Therefore, my first step is to set my investments up to be done automatically every month. I don’t want to manage this myself every payday, as the temptation to make stupid decisions based on nothing but good old speculation would be significant. I don’t want to think about my investments for the next 15-20 years. This is key to my strategy. I’m in for the long run. No matter what happens in the market.
The automation can be set up extremely easy using an online broker (they’re often way cheaper than your normal bank). You have to be careful though, when you choose which broker to use, as there will be (hidden) costs all around you. Take your time and consider the options available to you.
I want a 100 percent stock portfolio and I’ll invest in passive index funds. I don’t want to go into too much detail about this, as the great financial guru Mr. Collins has already done a great job explaining the strategy at his blog. You can read it here: http://jlcollinsnh.com/stock-series/. I was quite happy when I read this excellent piece of advice from Mr. Collins as the strategy seemed to fit me perfect.
However, I don’t live in the US. And as I don’t have the 500.000 € required to invest directly in Vanguard US, I have had to apply Mr. Collins advice to the conditions here in Denmark.
Unfortunately, we’re way behind the US when it comes to index investing due mostly to our tax code. For example, it’s not efficient tax-wise to invest in ETF’s, if the ETF is domiciled in a foreign country. Therefore, the competition is almost non-existent and as a consequence the prices for shitty employee’s like you and me sky high.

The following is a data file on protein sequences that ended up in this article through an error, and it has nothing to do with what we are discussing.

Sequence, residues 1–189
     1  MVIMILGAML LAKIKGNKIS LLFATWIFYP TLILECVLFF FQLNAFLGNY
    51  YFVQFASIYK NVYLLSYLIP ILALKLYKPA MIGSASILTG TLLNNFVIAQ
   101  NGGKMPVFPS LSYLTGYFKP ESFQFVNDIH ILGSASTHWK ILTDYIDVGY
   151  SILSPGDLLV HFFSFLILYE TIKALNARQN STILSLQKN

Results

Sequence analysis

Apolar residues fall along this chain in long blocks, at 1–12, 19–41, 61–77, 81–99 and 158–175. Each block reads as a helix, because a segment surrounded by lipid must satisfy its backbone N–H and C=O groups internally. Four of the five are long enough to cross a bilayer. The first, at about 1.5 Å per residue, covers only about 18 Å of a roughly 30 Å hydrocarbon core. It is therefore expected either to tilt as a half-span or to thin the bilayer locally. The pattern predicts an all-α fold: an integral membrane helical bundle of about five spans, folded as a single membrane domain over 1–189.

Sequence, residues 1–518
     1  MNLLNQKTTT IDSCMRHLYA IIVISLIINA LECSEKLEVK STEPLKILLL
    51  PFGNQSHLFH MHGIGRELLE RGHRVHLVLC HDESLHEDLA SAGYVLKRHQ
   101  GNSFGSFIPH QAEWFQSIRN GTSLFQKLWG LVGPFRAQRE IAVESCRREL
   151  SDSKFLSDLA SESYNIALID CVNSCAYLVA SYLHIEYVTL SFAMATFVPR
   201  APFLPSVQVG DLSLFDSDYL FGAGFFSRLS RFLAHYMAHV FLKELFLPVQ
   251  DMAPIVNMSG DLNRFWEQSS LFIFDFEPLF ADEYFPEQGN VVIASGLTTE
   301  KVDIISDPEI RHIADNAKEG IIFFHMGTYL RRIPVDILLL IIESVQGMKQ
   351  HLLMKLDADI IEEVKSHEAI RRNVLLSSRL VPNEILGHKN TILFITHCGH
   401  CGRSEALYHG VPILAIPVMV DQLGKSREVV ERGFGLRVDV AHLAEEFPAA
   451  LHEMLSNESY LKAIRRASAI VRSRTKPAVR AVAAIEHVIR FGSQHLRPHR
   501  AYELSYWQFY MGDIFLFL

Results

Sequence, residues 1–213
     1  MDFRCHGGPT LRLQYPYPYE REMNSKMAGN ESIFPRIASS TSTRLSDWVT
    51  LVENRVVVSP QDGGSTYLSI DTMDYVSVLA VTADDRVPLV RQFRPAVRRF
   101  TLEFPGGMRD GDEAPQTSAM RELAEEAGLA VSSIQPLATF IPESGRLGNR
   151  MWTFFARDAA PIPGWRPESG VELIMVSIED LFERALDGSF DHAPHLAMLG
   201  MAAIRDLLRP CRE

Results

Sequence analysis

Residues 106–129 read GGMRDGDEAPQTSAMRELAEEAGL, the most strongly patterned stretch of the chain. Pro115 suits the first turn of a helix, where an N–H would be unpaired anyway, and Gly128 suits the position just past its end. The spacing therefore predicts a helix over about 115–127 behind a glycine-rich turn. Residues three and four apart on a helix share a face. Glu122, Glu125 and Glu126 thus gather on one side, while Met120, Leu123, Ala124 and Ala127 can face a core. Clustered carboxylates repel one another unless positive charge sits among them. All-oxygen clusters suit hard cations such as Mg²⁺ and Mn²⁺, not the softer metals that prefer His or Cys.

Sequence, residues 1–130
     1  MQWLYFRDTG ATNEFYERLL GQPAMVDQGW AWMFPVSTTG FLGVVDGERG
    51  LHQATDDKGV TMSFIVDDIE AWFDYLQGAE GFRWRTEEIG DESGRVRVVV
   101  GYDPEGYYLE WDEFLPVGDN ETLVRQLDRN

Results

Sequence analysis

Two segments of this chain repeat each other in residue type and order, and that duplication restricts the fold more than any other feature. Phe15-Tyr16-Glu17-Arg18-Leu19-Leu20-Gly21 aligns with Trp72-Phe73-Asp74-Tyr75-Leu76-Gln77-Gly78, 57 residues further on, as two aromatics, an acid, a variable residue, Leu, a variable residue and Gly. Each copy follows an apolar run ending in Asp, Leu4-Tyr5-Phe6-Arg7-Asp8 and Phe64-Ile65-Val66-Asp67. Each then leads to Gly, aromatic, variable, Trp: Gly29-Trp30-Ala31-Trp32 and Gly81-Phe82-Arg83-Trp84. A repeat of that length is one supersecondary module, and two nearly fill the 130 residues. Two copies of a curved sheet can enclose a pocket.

So I’m left with some crappy index funds with expenses of close to 0.6 percent. I’ve chosen a fund that tracks the MSCI World Minimum Volatality Index and a fund that tracks the OMX Copenhagen 25 Index. 70 percent in the MSCI fund and 30 percent in the OMX 25. There you have it, simple and easy to manage.
With annual investments of around 19.000 dollars and expenses of around 17.000, I can retire in 15.7 years according to an online FIRE-calculator. This does not include the – 20.000 dollars I owe in student loans. However, it also doesn’t include the 17 percent of my income I’m contributing to my mandatory retirement account.
If nothing changes (like having kids, buying a house etc.) I’ll be ~ 45 when I can say goodbye to the 9-to-5 lifestyle! A bit old for my taste, but it sure could be worse, considering I’m only starting at this now at the age of 29.
As you can see the savings rate is by far the most important aspect. You can read more about it in this post by Mr. Money Mustache http://www.mrmoneymustache.com/2012/01/13/the-shockingly-simple-math-behind-early-retirement/
Of course, there are lots of uncertainties like the return of investments etc. but I feel like I’m on the right track. Hopefully I’ll see a pay raise at some point and I have a few ideas about how I can make some money on the side.